Tuesday, 28 July 2009


No, not the type that you wear, but the type that make you go ooooh!

I've had the immense good fortune to have gone to some amazing shows over the last few weeks.

My lovely friend Sarah bought me my ticket to go and see Lion King, after I'd mentioned earlier this year that I'd never been. Even more than that, she was brilliant and organised it for a group of us to go, including for two of our friends from Glasgow who I've not seen in far too long.

What can I say about the Lion King that won't be filled with superlatives? The music was brilliant - it included two of the side boxes (one on each side of the stage) being filled with percussion instruments (and a man on each side to play them). The story line was pretty much the Disney story, no major changes needed. The design... Oh my.... The design was *mindblowing*. The costumes/characters were a mixture of masks, material, body paint and puppets; animals and representations of concepts mixed together. The stage design was gorgeous; with very simple sets (aside from the Elephants' Graveyard, which must have taken a whole chunk of the budget), and mainly using lights and colour to reflect the African landscape. And *nothing* is going to compare to having an elephant walk past my shoulder in the opening sequence.
I could post pictures, but Disney have got clips...

Then John and I went to see War of the Worlds in concert. I am a big fan of the original, and did have a little squeee moment when I realised that Jeff Wayne himself was conducting the orchestra (for some reason, I hadn't twigged that he'd be there). The stage set up was brilliant - the strings section on one side, the rock and percussion section on the other, Jeff in the middle conducting, and looming over the lot, a giant animatronic Tripod, with a heat ray that fired (ok, only dry ice, and then red, orange and yellow lights into the audience, but it still fired!) An animated Richard Burton on the far left of the stage, a projected backdrop of CGI actors, and live actors at the front of the stage for the singing parts completed the set up. It was even better than I'd hoped it would be (even if I was rooting for the Martians during the Spirit of Man - really not sure how they could have someone professional missing the notes *that* badly!) This link gives a 3 minute video of the 2006 tour, which seems to have had a reasonably similar cast to the one that we saw.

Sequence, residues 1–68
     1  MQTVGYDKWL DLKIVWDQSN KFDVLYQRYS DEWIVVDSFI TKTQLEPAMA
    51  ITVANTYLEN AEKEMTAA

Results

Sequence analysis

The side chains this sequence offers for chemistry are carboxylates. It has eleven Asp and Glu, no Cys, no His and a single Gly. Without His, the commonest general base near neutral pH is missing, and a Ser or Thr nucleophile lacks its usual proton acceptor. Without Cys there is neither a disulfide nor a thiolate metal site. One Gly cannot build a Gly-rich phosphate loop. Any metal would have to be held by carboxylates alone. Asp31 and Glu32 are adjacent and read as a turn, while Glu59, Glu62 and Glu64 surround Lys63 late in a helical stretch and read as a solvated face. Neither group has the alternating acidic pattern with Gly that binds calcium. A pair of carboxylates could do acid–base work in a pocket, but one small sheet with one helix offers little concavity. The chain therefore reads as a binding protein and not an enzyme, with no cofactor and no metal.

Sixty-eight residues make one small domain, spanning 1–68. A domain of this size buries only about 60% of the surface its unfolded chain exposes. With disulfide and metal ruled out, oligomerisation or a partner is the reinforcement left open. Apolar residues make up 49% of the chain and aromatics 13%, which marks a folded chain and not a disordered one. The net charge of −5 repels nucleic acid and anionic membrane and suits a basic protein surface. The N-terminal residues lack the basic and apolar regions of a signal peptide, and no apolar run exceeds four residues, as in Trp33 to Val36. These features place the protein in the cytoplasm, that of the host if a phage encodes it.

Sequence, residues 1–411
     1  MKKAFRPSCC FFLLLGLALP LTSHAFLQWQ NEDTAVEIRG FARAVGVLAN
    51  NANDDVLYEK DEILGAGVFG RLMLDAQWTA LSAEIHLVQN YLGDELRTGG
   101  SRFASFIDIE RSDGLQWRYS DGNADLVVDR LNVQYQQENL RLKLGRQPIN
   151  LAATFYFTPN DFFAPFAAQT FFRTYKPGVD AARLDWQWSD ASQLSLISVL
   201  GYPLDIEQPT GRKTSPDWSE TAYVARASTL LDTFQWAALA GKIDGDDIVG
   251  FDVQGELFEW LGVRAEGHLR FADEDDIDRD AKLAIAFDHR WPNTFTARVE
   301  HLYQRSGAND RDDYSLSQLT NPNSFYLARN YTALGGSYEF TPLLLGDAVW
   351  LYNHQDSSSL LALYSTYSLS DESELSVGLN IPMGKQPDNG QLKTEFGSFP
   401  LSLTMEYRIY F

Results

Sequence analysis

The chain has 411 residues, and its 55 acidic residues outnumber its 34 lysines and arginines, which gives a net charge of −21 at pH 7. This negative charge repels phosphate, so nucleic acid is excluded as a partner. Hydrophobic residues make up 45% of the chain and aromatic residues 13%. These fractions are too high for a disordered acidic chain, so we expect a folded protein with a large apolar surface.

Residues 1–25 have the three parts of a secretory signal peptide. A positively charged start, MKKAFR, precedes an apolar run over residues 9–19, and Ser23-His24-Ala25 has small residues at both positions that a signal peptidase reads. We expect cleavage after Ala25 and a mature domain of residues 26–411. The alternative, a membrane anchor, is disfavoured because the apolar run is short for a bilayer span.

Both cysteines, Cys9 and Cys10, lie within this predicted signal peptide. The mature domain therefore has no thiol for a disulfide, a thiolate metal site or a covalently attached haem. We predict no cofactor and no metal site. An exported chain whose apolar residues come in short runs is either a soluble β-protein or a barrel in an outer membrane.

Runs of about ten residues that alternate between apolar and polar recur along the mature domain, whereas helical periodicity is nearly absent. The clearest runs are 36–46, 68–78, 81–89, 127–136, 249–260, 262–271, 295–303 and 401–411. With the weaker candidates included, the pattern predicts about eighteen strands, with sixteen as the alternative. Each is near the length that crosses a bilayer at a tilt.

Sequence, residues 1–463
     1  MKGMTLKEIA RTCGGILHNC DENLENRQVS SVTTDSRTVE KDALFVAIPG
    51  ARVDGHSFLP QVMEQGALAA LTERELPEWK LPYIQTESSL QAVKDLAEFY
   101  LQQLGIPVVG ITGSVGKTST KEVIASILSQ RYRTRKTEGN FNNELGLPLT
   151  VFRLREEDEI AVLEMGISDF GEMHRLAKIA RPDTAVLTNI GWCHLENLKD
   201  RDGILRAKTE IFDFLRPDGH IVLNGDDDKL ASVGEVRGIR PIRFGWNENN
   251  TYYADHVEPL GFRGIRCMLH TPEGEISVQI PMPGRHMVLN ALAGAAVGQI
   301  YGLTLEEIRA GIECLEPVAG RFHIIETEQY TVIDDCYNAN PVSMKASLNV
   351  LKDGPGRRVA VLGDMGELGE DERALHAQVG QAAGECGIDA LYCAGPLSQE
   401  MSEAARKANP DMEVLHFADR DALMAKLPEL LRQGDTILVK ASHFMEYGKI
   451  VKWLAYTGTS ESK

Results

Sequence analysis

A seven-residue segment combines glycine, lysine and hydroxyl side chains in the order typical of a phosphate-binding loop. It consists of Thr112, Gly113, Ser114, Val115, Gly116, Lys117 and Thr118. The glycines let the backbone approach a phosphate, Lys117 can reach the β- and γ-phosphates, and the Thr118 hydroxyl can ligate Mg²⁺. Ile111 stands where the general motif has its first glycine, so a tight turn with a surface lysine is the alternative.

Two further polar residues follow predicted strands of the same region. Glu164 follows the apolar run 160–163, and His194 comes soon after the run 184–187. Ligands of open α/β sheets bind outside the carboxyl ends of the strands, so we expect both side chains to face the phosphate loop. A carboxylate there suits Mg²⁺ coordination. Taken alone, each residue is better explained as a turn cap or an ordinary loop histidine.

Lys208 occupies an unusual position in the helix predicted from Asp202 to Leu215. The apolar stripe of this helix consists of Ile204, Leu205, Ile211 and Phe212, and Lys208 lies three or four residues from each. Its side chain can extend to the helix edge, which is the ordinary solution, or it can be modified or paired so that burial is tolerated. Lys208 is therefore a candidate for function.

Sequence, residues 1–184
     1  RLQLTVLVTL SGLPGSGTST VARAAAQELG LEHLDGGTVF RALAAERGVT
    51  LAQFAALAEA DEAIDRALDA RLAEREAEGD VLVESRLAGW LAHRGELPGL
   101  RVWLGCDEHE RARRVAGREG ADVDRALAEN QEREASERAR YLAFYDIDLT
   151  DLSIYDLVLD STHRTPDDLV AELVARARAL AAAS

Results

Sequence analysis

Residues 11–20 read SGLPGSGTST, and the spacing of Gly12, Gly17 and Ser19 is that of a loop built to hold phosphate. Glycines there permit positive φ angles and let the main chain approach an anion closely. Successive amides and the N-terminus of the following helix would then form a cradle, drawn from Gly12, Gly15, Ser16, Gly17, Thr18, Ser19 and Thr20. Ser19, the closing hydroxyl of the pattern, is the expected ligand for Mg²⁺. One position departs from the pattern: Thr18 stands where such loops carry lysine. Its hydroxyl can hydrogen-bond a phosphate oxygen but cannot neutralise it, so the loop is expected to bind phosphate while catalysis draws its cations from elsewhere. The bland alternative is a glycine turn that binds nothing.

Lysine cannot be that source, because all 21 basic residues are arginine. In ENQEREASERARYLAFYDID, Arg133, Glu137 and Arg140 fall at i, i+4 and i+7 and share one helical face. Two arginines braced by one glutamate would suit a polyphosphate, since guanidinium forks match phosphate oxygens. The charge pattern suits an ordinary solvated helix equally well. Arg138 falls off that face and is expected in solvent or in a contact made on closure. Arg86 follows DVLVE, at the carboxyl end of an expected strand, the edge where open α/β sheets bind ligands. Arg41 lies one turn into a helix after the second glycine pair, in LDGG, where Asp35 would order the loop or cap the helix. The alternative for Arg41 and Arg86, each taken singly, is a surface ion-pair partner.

In addition, spectacular in a different way, we took a trip to Weston Super Mare to see the Sand Sculptures. These are (as it says on the tin) sculptures carved out of the sand. But not your normal sandcastles on the beach - these were full statues, 3D sculptures that you could walk past and (in some cases) round, with detail that was astonishing.

The festival is on until the beginning of Sept, and it only costs £3 - well worth a visit if you are in the area!


R J Adams said...

Aha! A fellow "War of the Worlds" fan. I still have my original copy, though my wife calls it a 'load of noise'. No taste, except in men, of course.

I'm fascinated by the idea of an animated Richard Burton. Presumably, they didn't dig him up for the performance?

Sand sculptures also amaze me. I don't have the patience, nor the talent. The second image had me confused at first. My immediate impression was of a rather deflated breast, then a strawberry whip with a cherry on top. Finally, I recognized the shape of the whale. I really must get these glasses (sorry, "spectacles") changed.

Strabec said...

They make ordinary sand castles look pathetic don't they?

Blogger from Beyond said...

Wow, those sand sculptures are utterly amazing!